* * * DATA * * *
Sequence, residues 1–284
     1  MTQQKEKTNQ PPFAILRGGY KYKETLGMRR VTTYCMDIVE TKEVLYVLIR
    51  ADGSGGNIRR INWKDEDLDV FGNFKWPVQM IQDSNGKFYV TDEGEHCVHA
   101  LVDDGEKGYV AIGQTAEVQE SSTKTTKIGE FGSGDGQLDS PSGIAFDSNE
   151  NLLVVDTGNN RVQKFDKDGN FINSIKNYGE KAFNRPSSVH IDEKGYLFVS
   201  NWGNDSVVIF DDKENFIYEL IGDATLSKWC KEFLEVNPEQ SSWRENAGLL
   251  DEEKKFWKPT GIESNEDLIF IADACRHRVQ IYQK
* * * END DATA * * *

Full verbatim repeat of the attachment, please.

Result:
Sequence, residues 1–284
     1  MTQQKEKTNQ PPFAILRGGY KYKETLGMRR VTTYCMDIVE TKEVLYVLIR
    51  ADGSGGNIRR INWKDEDLDV FGNFKWPVQM IQDSNGKFYV TDEGEHCVHA
   101  LVDDGEKGYV AIGQTAEVQE SSTKTTKIGE FGSGDGQLDS PSGIAFDSNE
   151  NLLVVDTGNN RVQKFDKDGN FINSIKNYGE KAFNRPSSVH IDEKGYLFVS
   201  NWGNDSVVIF DDKENFIYEL IGDATLSKWC KEFLEVNPEQ SSWRENAGLL
   251  DEEKKFWKPT GIESNEDLIF IADACRHRVQ IYQK